While a couple of pre-season matches were affected by COVID-19, no Australian-based matches in Super Rugby Pacific so far — touch wood, cross fingers, etc — have been impacted directly by the ongoing pandemic.
West Australian border issues forced a few date changes and venue swaps over the first five rounds, but other than that, the game has just carried on since it got underway in mid-February.
That sadly hasn't been the case in New Zealand, where six matches have been postponed so far, and only one of those since replayed. Another match will be played next Tuesday.
That leaves four still to be played, and New Zealand Rugby will be desperately hoping that number doesn't grow for the pure and simple fact that time is rapidly running out for postponed games to be rescheduled.
When the draw for the new competition was first released late last year, we were going to be done with the conference concept, with the Australian teams facing the New Zealand teams from Round 1, and with local derbies and trans-Tasman games integrated from the start.
It really was going to be a new chapter for Super Rugby down in this part of the rugby world.
But COVID-19 decided it wanted another crack at us, and as outbreaks in Sydney and Melbourne rapidly took hold, borders were just as rapidly re-closed. The trans-Tasman travel bubble was paused back in July and then extended several times, resulting in a revised draw just a few days before Christmas.
And with that revision came a return to a divided competition, where the Australian and New Zealand teams would stay on their own side of the Tasman for the first nine rounds of the season.
After that, both NZR and Rugby Australia are still hoping like hell that things will be OK-ish enough for the inaugural ANZAC weekend super round — where all twelve teams will descend on AAMI Park in Melbourne — to go ahead, kicking off the trans-Tasman element of the competition.
The return of the divided competition has also sparked fears on both sides of the ditch of a repeat of last year's disappointing Super Rugby trans-Tasman showing by the Aussie sides.
But the competition is now in a race to get itself back on track ahead of that planned reunification.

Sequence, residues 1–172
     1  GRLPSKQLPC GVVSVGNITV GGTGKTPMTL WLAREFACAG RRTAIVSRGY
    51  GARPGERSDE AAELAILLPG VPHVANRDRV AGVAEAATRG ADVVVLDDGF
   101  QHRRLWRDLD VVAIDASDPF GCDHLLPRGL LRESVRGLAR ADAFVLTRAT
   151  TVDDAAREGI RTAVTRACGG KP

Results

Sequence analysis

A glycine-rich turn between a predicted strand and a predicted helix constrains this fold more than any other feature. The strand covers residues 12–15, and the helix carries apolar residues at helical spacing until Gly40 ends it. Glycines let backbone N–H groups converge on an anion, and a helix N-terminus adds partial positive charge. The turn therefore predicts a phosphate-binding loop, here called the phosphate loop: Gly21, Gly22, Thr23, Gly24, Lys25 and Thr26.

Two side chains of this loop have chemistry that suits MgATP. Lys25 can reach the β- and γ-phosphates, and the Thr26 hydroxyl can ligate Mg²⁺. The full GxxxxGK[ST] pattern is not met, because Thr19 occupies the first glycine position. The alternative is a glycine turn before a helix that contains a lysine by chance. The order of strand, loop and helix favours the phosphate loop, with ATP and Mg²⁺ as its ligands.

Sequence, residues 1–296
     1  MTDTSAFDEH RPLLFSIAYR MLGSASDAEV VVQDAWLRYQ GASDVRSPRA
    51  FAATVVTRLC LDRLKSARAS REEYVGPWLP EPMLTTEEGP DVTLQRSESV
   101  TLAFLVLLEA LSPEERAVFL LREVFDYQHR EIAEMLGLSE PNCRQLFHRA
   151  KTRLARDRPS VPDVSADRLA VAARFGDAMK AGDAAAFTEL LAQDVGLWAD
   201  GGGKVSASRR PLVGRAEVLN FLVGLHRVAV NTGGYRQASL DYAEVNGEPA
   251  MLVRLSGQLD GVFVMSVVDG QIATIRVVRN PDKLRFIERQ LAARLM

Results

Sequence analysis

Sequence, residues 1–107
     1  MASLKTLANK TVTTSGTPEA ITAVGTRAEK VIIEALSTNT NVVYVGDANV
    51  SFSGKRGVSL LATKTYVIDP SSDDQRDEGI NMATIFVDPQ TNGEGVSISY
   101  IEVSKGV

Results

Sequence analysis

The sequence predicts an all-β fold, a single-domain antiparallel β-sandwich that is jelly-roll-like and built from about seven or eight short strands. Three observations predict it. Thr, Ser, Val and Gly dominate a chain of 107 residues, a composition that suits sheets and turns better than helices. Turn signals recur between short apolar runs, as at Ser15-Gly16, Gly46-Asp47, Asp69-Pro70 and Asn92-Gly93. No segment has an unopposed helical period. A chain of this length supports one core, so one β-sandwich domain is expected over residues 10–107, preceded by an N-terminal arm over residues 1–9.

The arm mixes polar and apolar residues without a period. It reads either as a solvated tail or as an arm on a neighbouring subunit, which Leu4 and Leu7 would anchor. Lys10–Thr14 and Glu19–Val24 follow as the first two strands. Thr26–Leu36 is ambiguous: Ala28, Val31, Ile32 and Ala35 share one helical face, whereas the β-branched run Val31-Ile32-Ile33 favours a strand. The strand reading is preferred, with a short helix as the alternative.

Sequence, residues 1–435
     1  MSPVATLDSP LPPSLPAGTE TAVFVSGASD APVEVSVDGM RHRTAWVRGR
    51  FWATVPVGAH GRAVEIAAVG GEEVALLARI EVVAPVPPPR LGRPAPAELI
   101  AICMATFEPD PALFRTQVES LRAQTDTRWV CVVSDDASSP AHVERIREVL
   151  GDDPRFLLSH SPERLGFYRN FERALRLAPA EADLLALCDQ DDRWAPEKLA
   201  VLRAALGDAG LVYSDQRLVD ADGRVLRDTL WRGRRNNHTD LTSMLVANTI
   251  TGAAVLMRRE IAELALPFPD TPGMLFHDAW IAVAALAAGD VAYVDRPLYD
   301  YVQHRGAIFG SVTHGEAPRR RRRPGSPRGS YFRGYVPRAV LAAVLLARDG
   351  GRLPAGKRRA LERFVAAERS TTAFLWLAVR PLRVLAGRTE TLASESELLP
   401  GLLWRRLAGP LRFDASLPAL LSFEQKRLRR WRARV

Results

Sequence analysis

All 12 teams will have a bye round somewhere over the three weeks of Rounds 7, 8 and 9, and while some of the rescheduled games will be able to be replayed then, others won't.
The Crusaders and Blues, for example, look set to play their postponed Round 5 game over the Easter weekend, where both teams will be having a bye in Round 9. That's an easy one.
Competition new boys, the Auckland-based Moana Pasifika, have made up one of their four postponed games so far, and will play another one next week, but are still left with games against the Hurricanes and Highlanders to play. Byes on different weekends mean they can't both be played during the bye window.
And this is where the timing squeeze starts, and where the prayers to gods of rugby and pandemics alike start as well, as any further postponed games from this weekend onwards become significantly harder to shoehorn into the back end of the season schedule.
Even this weekend coming, hope is the dominant feeling rather than confidence that all three games will be played in New Zealand.
The Highlanders have been able to draw on extra players, some who did pre-season or have been training with other teams in 2022, and are said to be "cautiously optimistic" they will be able to field a team to face the Blues in Dunedin on Saturday.
COVID-19 hit their squad hard last week, but a saving grace this week might be that the majority of the affected players come out of isolation at the same time.
But training has been light as numbers return, and medical staff will still need to make a call that the players won't be put at risk by playing.
The same applies to the Crusaders and Chiefs, who meet in Hamilton on Saturday.
The Chiefs had 17 players out of action last weekend, and the Crusaders had around 65 per cent of their playing squad impacted too. Both are racing the clock for this weekend.
Of course, Australia isn't out of the woods yet, and just as the NRL and AFL will have contingencies at the ready for the scenario where a club or clubs are hit by the virus, so too will Rugby Australia and the Super Rugby sides.
All bar the Western Force had pre-season programs hit by COVID, and all including the Force will be hoping that's their sum total of disruption for the season.
Because, simply put, the later in the season that teams are affected, the harder it gets to reschedule games.
And the last thing a fledgling competition needs is to be cancelling games in its first season.
Source: Google News